The salient point is that our PDFs that are available online are intended to be printed. PDF is not a format intended for online viewing. The question is still a valid one though - and it is one that is under consideration by the publishers of a number of academic print journals - but it is not really a question about the number of columns. If we produced a layout with one column, you would still struggle to view it online if we provided it as a PDF. A PDF is, in effect, a copy of a printed page and viewing a printed page on a computer monitor is difficult if your screen is the wrong size or shape. Anyone who has tried to read PDFs on an E-book reader will understand the problem precisely!. The native document format for devices like the Kindle is similar to HTML and - just like viewing a web page - it allows you to choose the font size and zoom in, and the text wraps appropriately to fit the screen. A PDF simply cannot do this - the layout is fixed and there is no possibility of re-wrapping the text.Will you consider a change of page layout to make viewing the Journal on screen easier? The three-column layout makes for tedious up and down scrolling to follow the text.
So, for a publication intended to be read online, HTML is a much better format than PDF. But, even so, there are potential problems. There is a trend for screens to have a larger aspect ratio (i.e. they are getting wider without getting taller) and text that covers the whole screen width may be difficult to track with your eyes. The latest HTML "toolkits" (i.e. development suggestions) include a provision for multiple columns, and this may be the way to go. The question is not one about columns at all - it is about the best way of fitting text to a screen, i.e. HTML and not PDF.
We have been discussing this, within the CREG publishing team, for a while now. As Rob said in his reply to the above comment,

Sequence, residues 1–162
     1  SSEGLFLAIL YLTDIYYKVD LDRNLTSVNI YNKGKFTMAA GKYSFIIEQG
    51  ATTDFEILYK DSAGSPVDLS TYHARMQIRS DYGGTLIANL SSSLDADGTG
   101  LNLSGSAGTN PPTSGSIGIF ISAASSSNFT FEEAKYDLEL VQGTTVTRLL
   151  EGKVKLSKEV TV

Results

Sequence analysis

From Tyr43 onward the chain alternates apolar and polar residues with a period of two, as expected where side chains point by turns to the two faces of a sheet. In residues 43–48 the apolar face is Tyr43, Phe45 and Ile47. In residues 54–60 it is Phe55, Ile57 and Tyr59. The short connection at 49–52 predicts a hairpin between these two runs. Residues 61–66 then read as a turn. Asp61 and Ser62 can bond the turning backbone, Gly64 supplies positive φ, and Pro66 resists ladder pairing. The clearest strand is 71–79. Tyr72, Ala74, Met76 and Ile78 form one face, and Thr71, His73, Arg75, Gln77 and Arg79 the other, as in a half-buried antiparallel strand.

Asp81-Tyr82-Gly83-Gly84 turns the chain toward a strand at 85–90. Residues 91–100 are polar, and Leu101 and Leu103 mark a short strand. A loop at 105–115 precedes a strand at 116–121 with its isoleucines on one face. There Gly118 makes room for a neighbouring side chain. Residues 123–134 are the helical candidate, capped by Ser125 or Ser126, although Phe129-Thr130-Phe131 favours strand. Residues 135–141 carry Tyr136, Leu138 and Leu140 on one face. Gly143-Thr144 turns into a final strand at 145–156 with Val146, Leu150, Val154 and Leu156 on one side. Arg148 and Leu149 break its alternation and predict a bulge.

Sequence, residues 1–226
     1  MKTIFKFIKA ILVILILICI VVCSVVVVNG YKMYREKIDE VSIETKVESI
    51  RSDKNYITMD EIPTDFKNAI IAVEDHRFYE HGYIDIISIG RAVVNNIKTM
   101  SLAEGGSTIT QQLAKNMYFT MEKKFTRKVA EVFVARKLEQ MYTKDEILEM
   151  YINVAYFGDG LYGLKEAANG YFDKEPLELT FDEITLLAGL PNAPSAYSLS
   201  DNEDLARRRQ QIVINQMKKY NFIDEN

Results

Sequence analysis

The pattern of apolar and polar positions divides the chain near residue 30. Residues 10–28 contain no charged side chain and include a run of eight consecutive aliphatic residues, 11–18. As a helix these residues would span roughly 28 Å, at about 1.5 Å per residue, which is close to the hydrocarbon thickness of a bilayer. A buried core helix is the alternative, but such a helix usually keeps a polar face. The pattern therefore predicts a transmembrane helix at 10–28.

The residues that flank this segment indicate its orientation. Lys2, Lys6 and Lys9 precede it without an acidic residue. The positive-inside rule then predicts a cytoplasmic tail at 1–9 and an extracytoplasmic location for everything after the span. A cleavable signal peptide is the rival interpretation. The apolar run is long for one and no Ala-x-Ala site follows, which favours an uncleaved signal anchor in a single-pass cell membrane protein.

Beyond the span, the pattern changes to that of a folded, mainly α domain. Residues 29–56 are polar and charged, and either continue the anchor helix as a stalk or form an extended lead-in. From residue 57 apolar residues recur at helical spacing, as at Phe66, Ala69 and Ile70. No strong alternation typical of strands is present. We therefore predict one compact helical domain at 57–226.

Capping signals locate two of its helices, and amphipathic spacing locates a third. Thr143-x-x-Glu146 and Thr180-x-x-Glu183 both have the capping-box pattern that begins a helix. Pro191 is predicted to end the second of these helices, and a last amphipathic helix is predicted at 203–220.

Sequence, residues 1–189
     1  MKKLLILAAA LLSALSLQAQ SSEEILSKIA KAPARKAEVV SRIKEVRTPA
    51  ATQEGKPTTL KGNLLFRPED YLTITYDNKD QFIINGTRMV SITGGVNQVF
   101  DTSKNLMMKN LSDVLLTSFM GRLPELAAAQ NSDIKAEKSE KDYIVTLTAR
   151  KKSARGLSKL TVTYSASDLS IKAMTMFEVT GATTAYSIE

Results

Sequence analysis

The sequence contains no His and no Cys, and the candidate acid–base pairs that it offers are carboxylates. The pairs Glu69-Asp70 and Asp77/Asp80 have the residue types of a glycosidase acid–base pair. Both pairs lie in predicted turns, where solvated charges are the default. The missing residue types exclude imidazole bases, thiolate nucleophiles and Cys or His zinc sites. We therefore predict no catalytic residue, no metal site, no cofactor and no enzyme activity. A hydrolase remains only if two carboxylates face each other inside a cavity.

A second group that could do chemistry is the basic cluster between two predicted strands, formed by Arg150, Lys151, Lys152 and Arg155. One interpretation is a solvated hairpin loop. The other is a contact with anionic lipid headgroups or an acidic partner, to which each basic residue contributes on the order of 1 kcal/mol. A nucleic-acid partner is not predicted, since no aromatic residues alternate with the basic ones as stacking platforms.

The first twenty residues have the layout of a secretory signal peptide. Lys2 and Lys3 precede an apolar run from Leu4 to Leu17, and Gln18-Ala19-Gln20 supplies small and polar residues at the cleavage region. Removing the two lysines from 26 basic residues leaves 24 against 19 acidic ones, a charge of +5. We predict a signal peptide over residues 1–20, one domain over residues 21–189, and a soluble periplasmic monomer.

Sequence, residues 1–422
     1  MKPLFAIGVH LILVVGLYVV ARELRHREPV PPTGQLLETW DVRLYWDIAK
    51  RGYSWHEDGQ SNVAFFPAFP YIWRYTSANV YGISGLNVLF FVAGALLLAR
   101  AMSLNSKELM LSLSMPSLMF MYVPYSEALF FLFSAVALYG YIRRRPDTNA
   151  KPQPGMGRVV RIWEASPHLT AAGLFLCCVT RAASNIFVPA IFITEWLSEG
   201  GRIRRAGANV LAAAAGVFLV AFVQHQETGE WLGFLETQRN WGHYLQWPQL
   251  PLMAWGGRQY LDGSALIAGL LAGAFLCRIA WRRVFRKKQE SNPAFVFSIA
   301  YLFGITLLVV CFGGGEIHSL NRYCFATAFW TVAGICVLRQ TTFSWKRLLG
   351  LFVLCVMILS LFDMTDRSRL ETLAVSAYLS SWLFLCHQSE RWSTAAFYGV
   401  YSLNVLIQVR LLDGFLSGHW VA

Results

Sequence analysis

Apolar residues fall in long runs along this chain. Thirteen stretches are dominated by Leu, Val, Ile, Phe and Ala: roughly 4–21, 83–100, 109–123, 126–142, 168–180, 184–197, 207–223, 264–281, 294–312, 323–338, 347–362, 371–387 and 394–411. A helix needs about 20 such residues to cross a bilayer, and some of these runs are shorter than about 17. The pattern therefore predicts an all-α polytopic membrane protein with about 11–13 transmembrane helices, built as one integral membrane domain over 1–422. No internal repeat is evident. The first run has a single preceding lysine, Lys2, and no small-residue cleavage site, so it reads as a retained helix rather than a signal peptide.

I think a good way forward could be for an enthusiastic volunteer to write a format converter that would take a tagged PDF (or possibly an XML source file) and generate the appropriate HTML. Alternatively, we could design in HTML to begin with, but it would be difficult, I think, to muster up the additional effort needed to produce a printed copy to a high standard; and the print version would start to look a bit ragged. Whether that matters is, of course, a subject that could be debated endlessly! It so happens that the present editorial team likes paper - both its presentation and its permanence. But this is merely the view of a few individuals and, as Rob indicated, it really depends on what our volunteers are willing and able to do. Possibly the first step is to find a volunteer to write a format converter - and possibly for this to include outputting to the Kindle format, as well as to HTML.It will ... be down to volunteer effort to make things happen. We have a strong desire to ensure that changes to appearance don't disadvantage those with traditional paper subscriptions. If the present trend continues, driven as it will be by further inevitable increases in postal prices, we will have a majority of subscribers relying entirely on online access in a couple of years. It will be sensible at that point to consider refreshing the format of the Journal to ensure that all subscribers find it easy to read, irrespective of medium.